Quick Hit: Babies Don’t Ruin Your Marriage

Today at A Practical Wedding, there’s a Reclaiming Wife post about how babies don’t ruin your marriage.

We still go out to places, just the two of us, but I’ll admit that it’s more rare. Don’t get me wrong—we go to all of the same places we used to, we just usually lug along the little one (they’re portable). Cute cafes or fancy restaurants aren’t off limits—just grab an outdoor table and push up the stroller. So, when we do go just the two of us, the rare-ness makes it extra special—in an “absence makes the heart grow fonder” kind of way.

Sure, babies are gonna change your marriage—but I don’t see why everyone acts like the changes are bad. Just like a big move or competing work schedules or anything else that might occupy your time, it’s just one more reason to focus on really making an effort with one another.

I think this is definitely a good perspective to think about, but I agree with several of the commenters on the post: Sure, things don’t have to change too much when the kid isn’t walking at all, but what about when the kid is a toddler or, worse, a teenager? I really do think having a baby does change everything, whether you want it to or not. That’s not to say that babies ruin marriages. I don’t think that’s true at all. If anything, I’d think babies can make a marriage stronger because you are able share a different kind of bond. However, it seems a little bunnies-and-roses to say that having a baby just makes everything more perfect and there’s no added stress to your marriage. What about nighttime feedings, colic, packing up literally everything you own just to take your baby to grandma’s down the street? And I’m sure I’m just hitting the tip of the iceberg here.

While I think it’s definitely important to talk about how love and excitement can remain if you make the effort after having a baby, I also think it’s naive to think nothing really changes all that much.

What do you think?

6 thoughts on “Quick Hit: Babies Don’t Ruin Your Marriage

  1. I liked this quote from the post: “Your typical preggo prepares for Baby by stocking up on diapers, or by socking away bits of money. Yours truly spent every last cent on fancy dinners with the husband—each one treated as if it was our last meal. In a sense, we thought it was.”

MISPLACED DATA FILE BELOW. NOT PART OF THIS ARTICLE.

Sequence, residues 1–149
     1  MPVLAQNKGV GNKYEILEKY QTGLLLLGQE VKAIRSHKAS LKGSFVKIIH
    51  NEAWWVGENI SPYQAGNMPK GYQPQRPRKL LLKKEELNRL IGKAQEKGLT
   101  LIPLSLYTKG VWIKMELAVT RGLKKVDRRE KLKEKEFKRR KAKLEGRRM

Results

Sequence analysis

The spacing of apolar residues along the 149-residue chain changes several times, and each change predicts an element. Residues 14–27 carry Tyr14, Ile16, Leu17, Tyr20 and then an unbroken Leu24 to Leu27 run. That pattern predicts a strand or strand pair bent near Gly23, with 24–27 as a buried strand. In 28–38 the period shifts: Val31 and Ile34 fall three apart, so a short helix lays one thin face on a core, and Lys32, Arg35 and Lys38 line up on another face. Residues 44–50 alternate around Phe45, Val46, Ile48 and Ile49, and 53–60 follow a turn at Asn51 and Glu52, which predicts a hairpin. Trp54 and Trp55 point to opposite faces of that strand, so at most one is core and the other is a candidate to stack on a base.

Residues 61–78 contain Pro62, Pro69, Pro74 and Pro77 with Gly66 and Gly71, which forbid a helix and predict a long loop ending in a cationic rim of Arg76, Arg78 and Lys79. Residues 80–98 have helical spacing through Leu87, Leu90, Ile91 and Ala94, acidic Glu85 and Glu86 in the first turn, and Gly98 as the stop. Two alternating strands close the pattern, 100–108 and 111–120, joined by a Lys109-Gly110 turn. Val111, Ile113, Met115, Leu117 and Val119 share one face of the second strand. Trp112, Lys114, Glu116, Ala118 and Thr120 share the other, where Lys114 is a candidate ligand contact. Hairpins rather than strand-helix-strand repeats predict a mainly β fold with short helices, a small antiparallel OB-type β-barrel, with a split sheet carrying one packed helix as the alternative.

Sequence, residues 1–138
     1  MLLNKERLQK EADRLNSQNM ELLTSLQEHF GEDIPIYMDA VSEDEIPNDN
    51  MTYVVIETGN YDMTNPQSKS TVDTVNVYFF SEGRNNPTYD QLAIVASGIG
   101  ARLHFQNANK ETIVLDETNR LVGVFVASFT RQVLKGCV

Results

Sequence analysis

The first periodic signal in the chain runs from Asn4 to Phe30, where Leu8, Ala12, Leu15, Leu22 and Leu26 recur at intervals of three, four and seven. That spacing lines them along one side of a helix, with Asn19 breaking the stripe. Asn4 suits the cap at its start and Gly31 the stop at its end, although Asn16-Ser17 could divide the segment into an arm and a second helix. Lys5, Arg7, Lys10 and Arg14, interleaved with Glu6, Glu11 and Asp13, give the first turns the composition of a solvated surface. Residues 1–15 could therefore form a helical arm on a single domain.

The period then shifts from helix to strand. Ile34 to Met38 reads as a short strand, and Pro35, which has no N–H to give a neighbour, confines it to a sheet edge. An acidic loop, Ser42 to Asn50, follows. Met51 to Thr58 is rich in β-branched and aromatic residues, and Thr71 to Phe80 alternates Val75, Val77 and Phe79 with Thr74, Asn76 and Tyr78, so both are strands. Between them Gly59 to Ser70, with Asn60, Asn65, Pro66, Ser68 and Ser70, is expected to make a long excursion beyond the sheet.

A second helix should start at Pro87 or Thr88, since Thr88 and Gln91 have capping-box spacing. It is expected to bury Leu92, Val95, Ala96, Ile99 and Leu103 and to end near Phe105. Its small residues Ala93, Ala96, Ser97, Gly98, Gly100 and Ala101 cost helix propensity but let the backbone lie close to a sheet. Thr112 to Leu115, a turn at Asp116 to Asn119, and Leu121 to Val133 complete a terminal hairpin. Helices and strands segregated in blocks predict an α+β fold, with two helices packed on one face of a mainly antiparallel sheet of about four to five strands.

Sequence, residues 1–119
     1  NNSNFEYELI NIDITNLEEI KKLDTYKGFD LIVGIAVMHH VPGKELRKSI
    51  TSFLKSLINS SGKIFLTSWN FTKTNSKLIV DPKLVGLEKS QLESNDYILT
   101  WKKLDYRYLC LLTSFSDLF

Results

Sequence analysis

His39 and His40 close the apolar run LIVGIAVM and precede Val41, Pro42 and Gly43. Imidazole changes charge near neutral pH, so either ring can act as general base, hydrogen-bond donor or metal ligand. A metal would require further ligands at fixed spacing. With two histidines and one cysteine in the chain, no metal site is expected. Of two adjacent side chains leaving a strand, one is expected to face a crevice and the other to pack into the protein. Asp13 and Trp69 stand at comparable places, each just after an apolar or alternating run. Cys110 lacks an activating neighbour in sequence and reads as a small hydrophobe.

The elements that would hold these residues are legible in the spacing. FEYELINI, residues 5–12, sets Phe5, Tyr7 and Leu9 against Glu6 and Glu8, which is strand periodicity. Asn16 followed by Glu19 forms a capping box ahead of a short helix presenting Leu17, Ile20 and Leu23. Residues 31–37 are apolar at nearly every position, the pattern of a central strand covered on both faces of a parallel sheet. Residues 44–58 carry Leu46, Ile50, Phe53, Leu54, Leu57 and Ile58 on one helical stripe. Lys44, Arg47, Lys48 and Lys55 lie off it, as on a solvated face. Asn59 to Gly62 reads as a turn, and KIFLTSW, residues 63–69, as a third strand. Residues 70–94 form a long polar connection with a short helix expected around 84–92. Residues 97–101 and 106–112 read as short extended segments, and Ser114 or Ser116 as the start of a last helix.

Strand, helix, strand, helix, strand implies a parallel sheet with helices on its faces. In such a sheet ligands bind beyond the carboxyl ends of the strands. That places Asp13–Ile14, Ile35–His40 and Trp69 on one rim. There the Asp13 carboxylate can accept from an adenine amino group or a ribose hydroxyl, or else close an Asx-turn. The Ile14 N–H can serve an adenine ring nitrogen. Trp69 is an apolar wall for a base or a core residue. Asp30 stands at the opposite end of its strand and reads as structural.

I would feel exactly the same way if i were pregnant. Honestly, i don’t see how having a baby wouldn’t completely flip our lifestyle upside-down. And i think each new stage of the child’s life would present new challenges to the marriage. It sounds like the author has a newborn; she has no idea how challenging it may be to have a love life with a tweenager in the house.

    At the same time, it’s nice to hear that babies don’t (necessarily) ruin marriages. ‘Cause that is how i tend to see it, from my naive point of view.

    • Ashley on

      I liked that quote, too, Stephanie. 🙂 That is exactly how I would be!

      I do think what the author was trying to say is that it’s like anything else – you have to work at your marriage when you have a baby, and that can be hard to remember how to do, but it doesn’t have to be impossible. But it does change things, for sure!

  2. Maria on

    As the mother of a VERY high-maintenance* 5-month-old, I would agree that babies do make things different/harder but definitely don’t ruin a marriage. It’s harder to find time for ourselves as a couple, and it can be harder to stay connected. We would NEVER take M to a nice restaurant, because we respect other people’s right to have a scream-free dinner. 🙂 When we do go to more casual places, we have them package the food to-go and then eat inside but are ready to take our food and run if he starts fussing. Honestly, though, we’ve had some amazing talks sitting in the car in the parking lot eating our food. I know that sounds horrible, but it won’t last forever. Is it how I expected my life to be right now? Nope! But is it ruining our marriage? Absolutely not.

    I think having a baby, like ANY challenge, can cause you to draw closer together as a team or make it easier to drift apart. It’s all about how you respond to the challenge–do you support each other or start to resent each other as you work through it?